Young children living in deprived areas in England are more likely to be short than their counterparts in wealthier parts of the country, a study has found.
Researchers collected and studied data from seven million boys and girls aged 4 and 5 between 2006 and 2019 as part of the National Child Measurement Programme.
According to the findings, about 2 per cent of the children measured were short for their age, and that short height was linked to living in poorer areas.
Primary schoolchildren living in poor areas are nearly twice as likely to be short as youngsters in richer places, the findings suggest.
Joanna Orr, a postdoctoral research assistant at Queen Mary University of London, and first author of the study, called the contrast “striking”.
“Whilst the average prevalence of short stature across England was in line with what we’d expect, the regional differences we see are striking, and there’s a clear north-south divide," she said.
“Our findings show that where a child is born and the environment in which they grow up has an impact on their height at a young age and suggest further investigation is needed into why children from poorer areas of England are shorter.”
Regional hot spots were found in the most deprived areas of east and north London as well as the north of England and the Midlands.
A prevalence of short stature in children was also observed in the east London areas of Tower Hamlets, Newham and Hackney as well as Brent in the north-west of the UK capital.
The highest rate of short stature in young children was observed in Blackburn and Darwen in the north-west of England.
It was more than four times higher than the lowest prevalence recorded in Richmond-upon-Thames, a leafy suburb in west London.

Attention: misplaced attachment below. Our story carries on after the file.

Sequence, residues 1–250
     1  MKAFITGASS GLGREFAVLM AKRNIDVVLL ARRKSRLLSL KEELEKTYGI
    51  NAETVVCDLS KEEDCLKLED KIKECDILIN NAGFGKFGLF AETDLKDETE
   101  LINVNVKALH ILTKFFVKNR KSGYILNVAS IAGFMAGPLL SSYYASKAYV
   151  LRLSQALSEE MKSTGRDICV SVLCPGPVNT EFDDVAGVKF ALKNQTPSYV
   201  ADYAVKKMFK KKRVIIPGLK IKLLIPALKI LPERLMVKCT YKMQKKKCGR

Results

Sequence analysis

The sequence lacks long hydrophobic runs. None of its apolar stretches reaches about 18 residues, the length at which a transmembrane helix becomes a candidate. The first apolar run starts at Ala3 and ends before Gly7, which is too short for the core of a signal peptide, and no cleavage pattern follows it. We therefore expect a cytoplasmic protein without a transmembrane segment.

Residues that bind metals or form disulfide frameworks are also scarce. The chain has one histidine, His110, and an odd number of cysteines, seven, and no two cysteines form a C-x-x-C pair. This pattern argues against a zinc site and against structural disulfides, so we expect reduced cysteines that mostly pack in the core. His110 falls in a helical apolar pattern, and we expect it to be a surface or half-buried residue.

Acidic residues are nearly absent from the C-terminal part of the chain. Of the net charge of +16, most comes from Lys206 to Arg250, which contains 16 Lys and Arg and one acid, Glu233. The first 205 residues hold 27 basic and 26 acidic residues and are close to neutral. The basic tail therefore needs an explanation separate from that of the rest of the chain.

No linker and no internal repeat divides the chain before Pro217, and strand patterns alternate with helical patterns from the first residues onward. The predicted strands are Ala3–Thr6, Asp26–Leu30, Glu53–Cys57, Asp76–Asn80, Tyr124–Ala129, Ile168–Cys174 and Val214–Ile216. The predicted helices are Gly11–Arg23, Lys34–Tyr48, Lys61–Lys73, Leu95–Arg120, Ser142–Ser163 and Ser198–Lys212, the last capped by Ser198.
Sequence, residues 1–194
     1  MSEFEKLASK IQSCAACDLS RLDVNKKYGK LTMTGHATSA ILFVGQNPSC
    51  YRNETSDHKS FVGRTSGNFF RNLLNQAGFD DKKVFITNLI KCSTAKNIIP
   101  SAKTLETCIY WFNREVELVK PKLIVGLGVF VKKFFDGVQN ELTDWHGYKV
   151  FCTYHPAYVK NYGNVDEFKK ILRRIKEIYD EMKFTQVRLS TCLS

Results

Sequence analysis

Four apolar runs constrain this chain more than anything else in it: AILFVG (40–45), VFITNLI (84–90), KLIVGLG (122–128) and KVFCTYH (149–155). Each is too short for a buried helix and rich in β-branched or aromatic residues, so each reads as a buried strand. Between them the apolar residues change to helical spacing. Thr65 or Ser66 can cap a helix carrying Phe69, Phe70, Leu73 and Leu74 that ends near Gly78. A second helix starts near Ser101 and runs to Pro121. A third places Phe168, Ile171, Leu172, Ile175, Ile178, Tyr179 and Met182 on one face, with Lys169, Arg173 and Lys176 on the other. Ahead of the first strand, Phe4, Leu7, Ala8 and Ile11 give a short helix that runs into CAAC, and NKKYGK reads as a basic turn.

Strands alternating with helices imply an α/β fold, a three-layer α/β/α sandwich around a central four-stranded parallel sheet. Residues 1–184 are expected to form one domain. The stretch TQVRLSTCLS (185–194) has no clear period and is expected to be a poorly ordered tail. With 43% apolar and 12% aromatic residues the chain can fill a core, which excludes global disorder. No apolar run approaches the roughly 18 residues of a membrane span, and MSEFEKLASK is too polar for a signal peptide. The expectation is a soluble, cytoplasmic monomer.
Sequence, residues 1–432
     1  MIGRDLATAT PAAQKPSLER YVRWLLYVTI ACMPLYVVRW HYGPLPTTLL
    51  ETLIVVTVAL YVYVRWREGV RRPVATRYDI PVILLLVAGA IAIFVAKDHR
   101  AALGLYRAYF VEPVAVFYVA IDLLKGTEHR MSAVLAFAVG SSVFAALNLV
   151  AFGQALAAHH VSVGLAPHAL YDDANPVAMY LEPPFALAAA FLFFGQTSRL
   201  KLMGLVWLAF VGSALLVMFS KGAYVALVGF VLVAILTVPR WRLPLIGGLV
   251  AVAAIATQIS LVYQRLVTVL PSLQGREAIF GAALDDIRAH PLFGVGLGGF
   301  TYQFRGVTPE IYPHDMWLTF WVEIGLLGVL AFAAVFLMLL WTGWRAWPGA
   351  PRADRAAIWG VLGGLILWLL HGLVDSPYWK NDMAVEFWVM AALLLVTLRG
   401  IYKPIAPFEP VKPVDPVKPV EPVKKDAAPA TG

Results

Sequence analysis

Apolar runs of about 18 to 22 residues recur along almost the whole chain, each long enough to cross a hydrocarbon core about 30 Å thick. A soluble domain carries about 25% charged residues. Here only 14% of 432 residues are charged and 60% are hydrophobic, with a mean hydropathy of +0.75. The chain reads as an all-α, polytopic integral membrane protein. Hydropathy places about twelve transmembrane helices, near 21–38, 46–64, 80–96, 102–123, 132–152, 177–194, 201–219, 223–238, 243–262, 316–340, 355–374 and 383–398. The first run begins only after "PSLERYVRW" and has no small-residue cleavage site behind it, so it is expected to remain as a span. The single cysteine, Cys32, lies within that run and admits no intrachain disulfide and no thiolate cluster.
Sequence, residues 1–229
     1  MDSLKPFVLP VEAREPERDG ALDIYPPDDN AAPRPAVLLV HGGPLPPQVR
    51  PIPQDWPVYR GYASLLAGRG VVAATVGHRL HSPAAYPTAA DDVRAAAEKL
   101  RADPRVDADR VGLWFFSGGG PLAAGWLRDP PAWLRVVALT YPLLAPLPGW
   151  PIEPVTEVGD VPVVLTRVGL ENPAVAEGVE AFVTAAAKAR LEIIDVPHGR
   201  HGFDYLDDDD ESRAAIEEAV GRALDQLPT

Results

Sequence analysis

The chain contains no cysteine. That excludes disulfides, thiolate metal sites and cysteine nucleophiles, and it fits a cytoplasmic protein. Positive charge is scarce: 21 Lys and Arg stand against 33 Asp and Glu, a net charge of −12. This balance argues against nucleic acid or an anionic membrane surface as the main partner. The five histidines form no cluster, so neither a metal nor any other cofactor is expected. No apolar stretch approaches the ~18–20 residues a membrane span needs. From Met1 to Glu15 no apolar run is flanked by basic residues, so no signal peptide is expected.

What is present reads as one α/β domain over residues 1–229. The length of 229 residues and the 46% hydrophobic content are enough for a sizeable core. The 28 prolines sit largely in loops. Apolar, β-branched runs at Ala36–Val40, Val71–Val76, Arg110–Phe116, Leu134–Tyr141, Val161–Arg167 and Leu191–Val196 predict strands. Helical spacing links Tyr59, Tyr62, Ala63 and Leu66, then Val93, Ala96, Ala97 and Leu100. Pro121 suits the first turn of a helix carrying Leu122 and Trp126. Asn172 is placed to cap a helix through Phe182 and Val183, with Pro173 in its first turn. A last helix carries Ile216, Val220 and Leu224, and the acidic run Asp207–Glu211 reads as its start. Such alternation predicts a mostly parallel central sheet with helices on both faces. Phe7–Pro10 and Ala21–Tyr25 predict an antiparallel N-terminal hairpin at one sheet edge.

The researchers said their findings translate into an additional 2,950 children with short stature out of 100,000 children starting school.
Short height for a child's age can be a sign of underlying health conditions or adverse socio-economic circumstances.
The study suggests that large numbers of young children, particularly those in the most deprived areas of England, could be failing to reach their full growth potential.
Andrew Prendergast, professor of paediatric infection and immunology at Queen Mary, said short stature could also be an indicator of other vulnerabilities in the younger generation.
“Currently most UK public health programmes focus on body mass index as the main indicator of health," he said.
"So even though the heights of schoolchildren in England are being measured as part of this national programme, children with short stature are not currently systematically being highlighted to their families or GPs for action.
“Height could be a marker for other vulnerabilities, such as underlying health conditions or poor nutrition, so nationwide screening programmes could provide an opportunity to identify children who are short for their age and intervene early.”
The study was funded by Barts Charity and carried out in collaboration with Public Health England and St George's, University of London.
The findings are published in PLOS Medicine.